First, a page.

Today, class, we will be discussing Paulo Freire’s “The Banking Concept of Education.” I will tell you what I know about this essay over the next hour or so, you will write it down, and then soon I will test you on what I know about this essay. We only have 60 minutes to talk about Freire’s work and his complex, revolutionary ideas, so ask your questions if you have them over the next hour. After this time, I will be moving on to other topics with or without you. Oh, and also note that over the next hour, I will be teaching in a way that meets the needs of the student with average abilities. If you are above average, you will likely be bored. If you are struggling, you will likely fall behind, become frustrated, and end up thinking this is all a stupid waste of time anyway–or maybe you’ll just end up feeling bad about yourself; either way, it is what it is. We’ve got stuff to cover and a schedule to keep.

And that’s how it often goes. I am a college teacher and have spent the past 30 years in a classroom of one form or another, as either a student, a teacher, or both. The model above is not an unfamiliar one. It is deeply rooted in tradition. In fairness, there are plenty of variations on this theme–some are far better than others–but, by and large, they amount to little more than variations. Even the most innovative teacher is limited in what he or she can do by an institutional system that operates under rigid time constraints, the pressures of meeting established “standards” or “learner outcomes” decided by the state, textbooks and syllabi that tell us what a class needs to learn and how quickly it needs to be learned (or, more accurately, “covered”) before advancing to the next grade or level.

“Daddy, why do birds make music? Can we go outside on a nature walk? No, no, I have a good idea. Let’s have a dance party? I’ll play the piano while you dance. I want to go back to the Children’s Garden and play with the outdoor instruments. They sound like birds. Can we go, Daddy? Can we?”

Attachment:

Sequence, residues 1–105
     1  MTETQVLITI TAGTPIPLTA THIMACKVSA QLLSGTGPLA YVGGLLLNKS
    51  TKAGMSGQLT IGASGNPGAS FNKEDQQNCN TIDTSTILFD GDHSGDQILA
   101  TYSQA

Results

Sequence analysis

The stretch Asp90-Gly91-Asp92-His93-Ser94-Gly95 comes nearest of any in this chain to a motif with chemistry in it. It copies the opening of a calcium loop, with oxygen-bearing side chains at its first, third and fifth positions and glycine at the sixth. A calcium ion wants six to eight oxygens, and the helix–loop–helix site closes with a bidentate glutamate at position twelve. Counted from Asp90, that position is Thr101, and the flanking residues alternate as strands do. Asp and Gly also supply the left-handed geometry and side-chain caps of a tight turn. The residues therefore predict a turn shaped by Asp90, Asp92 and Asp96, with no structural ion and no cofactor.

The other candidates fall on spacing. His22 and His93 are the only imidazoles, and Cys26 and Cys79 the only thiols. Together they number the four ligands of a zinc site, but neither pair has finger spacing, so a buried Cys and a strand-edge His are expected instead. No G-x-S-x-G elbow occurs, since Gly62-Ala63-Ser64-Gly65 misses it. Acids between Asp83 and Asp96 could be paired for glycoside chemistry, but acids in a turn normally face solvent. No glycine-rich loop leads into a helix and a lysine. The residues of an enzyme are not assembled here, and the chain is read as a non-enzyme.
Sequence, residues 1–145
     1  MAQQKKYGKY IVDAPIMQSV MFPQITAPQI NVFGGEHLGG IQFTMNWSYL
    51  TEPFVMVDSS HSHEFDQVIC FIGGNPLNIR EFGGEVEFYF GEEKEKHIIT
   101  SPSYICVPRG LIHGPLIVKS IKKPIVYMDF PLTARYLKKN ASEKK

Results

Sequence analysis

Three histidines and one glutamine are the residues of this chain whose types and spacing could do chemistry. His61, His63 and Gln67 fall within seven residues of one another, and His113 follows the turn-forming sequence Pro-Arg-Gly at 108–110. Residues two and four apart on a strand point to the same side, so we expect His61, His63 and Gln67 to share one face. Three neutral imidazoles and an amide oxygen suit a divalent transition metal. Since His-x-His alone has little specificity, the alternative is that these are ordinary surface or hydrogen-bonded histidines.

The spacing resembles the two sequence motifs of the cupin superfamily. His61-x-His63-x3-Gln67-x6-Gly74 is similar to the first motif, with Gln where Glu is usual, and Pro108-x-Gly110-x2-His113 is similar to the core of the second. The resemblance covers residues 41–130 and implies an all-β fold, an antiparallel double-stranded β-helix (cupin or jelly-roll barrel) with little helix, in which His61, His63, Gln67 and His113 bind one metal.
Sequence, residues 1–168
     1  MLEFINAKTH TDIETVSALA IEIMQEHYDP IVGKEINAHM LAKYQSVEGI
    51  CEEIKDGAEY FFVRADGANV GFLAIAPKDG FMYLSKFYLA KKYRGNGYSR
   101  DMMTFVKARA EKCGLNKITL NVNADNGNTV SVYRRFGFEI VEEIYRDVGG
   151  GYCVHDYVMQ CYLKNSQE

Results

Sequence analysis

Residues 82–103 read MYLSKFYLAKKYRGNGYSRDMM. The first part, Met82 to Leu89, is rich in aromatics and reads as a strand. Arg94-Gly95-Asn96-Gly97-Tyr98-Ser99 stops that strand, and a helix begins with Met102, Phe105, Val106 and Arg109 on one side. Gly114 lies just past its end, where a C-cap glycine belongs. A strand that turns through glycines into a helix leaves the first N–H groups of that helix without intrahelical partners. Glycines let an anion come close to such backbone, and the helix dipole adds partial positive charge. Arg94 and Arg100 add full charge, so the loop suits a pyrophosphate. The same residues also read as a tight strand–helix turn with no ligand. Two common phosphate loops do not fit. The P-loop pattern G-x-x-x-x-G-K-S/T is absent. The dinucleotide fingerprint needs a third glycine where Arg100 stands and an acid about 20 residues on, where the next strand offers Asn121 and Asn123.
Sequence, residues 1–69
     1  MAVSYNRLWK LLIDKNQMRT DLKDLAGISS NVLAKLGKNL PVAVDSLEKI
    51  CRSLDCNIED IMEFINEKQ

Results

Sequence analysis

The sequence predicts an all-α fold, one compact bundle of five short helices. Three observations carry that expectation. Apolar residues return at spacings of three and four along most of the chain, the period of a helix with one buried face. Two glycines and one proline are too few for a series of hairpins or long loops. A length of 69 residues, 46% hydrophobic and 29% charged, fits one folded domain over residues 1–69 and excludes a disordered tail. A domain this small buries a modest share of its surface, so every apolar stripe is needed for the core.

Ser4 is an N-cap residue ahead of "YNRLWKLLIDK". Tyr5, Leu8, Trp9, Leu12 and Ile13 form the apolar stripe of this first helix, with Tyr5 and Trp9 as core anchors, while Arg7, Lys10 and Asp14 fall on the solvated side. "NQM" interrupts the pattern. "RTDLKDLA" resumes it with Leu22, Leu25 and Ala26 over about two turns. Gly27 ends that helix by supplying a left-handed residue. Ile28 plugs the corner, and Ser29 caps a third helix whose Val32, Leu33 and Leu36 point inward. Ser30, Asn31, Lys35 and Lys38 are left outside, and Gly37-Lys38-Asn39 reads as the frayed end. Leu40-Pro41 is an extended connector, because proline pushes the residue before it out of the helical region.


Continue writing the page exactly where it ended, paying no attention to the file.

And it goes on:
Our four-year-old son has a natural and insatiable curiosity that keeps him moving throughout the day with Mom and Dad trailing behind. His drive to know, to understand, to play with what is around him, to test his guesses about the world, and have a good time while doing it is natural. We don’t start each day with a lecture on the virtues of curiosity, of learning, of having and asking questions, of being interested. As a child, he just follows his whimsy, and he learns, he learns, he learns. He soaks it all in, and the connections he makes between all that he experiences, reads, and does are amazing. There is nothing more natural than a desire to learn. It’s only when learning becomes institutionalized that it becomes a chore–and schooling takes over learning. It is in school that children become bored, lazy, disinterested, or where they begin to define learning in terms of external validation. “Good boy, Johnny, you earn an A, and as a reward we will end class early. No more learning for today.”

Mark Twain said, “I never let my schooling get in the way of my education.” For our family, education is about living life. Learning is natural. We want to keep it that way–even if it means taking a break some Tuesday afternoon on a school day to lay on the grass in the backyard and wonder why butterflies flutter, clouds roll, and wind blows. We’ll have our work cut out for us on Wednesday, naturally, but we can take our time.

Some Musical Inspiration
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